Scout your options
“Dribbling begins before you receive the ball. The first thing I do is look at my closest team-mate to see if he’s being marked. Secondly, I look to see how close my opponent is and how far I am from the penalty box. This helps me decide if I can collect the ball and head for goal or pass it to my team-mate immediately. Once the ball arrives at my feet and I’ve decided there’s space to dribble I face up to my opponent and focus on leaving him behind.”
Read your opponent
“Very often I don’t know much about my opponent, so I don’t know his characteristics. I need to read the situation and use my creativity to dribble. His body position influences my actions a lot, as his reaction time will depend on his body shape. If he comes at me with his body slightly turned to one side, I know it will take him longer to react if I take the ball on the opposite side. This is something I always think about.”
“The essence of dribbling is personality, confidence and having a feel for the moment. If you feel you have some ability, you should improve your skills, but also embrace your personality to use them. When I face an opponent I always think that I am able to leave him behind. It’s also absolutely essential to alter what you do. Always change the way you play; do something different. You may pass once and dribble next time, so you won’t become predictable.”
There's a time and place
“The best advice I’ve received on dribbling is to assess when it’s the right moment to dribble and the right moment to play a quick one-two. If you’re in your own half, always touch the ball twice. If you go past the halfway line, head for goal. Put your opponent on the back foot. Always dribble with the aim of attacking goal, never just to humiliate an opponent or to show off. Even if you have no choice but to dribble in your own half, make sure you’re always going forward.”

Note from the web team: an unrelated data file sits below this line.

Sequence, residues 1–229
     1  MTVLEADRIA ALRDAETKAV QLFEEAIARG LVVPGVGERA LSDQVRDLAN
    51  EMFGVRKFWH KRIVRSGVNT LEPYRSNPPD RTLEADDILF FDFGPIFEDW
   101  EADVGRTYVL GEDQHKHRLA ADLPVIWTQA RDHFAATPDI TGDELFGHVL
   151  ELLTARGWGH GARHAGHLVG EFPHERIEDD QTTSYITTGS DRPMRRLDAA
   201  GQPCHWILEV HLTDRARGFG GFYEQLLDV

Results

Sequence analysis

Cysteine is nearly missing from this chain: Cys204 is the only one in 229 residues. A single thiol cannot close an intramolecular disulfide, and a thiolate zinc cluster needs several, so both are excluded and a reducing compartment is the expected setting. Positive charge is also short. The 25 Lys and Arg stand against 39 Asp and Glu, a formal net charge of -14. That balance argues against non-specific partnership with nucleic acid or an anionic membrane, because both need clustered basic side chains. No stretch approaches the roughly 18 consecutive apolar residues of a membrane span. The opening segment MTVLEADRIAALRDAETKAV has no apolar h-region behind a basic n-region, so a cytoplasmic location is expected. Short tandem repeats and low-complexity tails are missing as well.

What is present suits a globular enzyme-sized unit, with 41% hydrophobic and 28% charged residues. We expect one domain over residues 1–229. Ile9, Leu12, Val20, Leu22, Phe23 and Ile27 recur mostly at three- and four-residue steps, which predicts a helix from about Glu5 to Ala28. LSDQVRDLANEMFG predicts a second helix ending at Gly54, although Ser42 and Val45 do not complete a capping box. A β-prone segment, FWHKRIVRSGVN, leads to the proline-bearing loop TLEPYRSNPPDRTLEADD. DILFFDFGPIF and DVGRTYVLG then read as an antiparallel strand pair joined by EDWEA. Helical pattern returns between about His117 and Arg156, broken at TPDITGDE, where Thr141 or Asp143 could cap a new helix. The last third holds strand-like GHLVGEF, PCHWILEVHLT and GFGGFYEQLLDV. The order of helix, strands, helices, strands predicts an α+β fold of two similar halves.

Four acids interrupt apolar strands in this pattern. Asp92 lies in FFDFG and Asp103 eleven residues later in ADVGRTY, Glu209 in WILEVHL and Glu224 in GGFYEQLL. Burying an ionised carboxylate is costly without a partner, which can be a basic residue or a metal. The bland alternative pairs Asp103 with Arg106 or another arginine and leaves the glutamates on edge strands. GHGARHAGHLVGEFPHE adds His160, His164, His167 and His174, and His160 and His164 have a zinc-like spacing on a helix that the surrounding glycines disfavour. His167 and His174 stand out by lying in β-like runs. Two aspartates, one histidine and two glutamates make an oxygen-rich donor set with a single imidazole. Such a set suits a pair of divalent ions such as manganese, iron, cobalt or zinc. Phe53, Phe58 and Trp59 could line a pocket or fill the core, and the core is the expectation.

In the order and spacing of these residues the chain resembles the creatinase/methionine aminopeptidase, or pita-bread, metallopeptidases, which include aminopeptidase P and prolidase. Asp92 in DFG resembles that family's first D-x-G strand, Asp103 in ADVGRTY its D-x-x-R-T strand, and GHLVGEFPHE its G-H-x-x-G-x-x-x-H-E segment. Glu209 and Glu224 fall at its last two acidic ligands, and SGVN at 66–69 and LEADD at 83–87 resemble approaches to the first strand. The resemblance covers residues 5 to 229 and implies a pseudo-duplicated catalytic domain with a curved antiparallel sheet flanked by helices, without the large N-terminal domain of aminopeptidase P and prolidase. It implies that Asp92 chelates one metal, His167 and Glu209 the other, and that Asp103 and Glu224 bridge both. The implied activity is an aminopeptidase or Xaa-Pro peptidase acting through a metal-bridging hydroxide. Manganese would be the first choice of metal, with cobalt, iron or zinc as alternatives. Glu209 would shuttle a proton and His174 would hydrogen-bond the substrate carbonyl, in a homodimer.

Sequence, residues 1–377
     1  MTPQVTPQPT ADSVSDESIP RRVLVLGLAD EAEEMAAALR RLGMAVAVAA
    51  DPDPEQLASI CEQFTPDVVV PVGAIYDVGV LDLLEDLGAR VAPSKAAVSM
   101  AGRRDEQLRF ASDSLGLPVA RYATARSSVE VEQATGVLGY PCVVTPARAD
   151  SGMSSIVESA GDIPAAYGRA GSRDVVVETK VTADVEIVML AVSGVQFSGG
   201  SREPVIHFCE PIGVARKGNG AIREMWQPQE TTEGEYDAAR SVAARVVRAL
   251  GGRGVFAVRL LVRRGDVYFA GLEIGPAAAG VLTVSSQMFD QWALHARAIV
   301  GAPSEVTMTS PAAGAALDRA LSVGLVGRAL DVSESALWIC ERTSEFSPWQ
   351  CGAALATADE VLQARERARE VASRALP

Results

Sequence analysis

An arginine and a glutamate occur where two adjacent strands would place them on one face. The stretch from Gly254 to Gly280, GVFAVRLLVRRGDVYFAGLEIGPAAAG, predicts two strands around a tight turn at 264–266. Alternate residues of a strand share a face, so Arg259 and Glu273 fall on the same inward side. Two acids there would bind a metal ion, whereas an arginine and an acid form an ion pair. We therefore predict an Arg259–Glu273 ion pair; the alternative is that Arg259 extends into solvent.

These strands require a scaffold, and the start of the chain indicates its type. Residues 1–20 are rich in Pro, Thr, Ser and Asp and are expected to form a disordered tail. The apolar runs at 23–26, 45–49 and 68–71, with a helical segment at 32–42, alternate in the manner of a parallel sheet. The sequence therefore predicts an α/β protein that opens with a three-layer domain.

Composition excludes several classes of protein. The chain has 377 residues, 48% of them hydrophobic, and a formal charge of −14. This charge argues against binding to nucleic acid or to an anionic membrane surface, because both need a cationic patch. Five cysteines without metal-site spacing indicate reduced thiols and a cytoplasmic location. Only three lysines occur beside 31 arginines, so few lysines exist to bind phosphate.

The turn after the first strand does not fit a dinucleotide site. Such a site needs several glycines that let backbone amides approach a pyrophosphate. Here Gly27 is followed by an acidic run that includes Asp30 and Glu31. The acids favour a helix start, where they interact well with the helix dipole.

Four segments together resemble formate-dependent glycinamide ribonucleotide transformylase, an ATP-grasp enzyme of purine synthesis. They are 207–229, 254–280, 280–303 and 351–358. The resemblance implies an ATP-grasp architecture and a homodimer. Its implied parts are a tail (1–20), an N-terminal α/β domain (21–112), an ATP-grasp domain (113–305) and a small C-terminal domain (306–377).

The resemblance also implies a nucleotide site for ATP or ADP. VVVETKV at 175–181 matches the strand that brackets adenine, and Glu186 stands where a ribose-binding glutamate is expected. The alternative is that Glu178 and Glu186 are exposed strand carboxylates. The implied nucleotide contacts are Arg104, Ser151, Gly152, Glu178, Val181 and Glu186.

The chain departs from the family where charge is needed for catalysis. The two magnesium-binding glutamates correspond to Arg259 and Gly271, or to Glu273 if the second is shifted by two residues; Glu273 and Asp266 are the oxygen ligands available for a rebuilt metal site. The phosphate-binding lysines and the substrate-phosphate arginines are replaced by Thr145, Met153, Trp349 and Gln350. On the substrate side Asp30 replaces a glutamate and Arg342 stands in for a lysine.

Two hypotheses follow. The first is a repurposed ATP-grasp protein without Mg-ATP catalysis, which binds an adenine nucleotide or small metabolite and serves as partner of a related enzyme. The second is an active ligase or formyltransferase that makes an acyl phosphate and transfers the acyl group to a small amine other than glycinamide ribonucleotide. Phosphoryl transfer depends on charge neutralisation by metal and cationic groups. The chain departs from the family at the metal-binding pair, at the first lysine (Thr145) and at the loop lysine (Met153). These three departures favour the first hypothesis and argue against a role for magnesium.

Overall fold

Put in the hard graft
“No matter how skilful you are, you can always improve your game. I’ve always spent time watching footage of great players and tried to emulate them. I’ve always liked to train a lot. After training sessions at Sao Paulo I used to stay behind for an extra 30-40 minutes. I was always there, practicing tricks, finishing, penalties, free-kicks, shooting with my left foot, taking crosses, hitting long passes - you name it, I did it. It’s important to improve even your basic skills.”
"When I was a kid I used to train at home, dribbling around tables and chairs. I spent days in the yard with my brother and cousin. I’ve always been passionate about football and found it easy to learn new skills, especially as I’m used to playing in tight spaces. Most skilful players started out playing futsal and I am no exception. You learn lots of things – quick thinking, quick feet, quick passing. If you’re can transfer this onto the pitch, you’ll give yourself a great advantage.”
For more football tips see:
Accelerate and beat your man like Messi
Angel di Maria on the art of wing play
Leave full-backs for dust
Improve your dribbling with Gareth Bale: Part One
Improve your dribbling with Gareth Bale: Part Two
Play like Spain: Master the 1 v 1
Ashley Young: How to skin the full-back
Ashley Young: Beat your man with this plan
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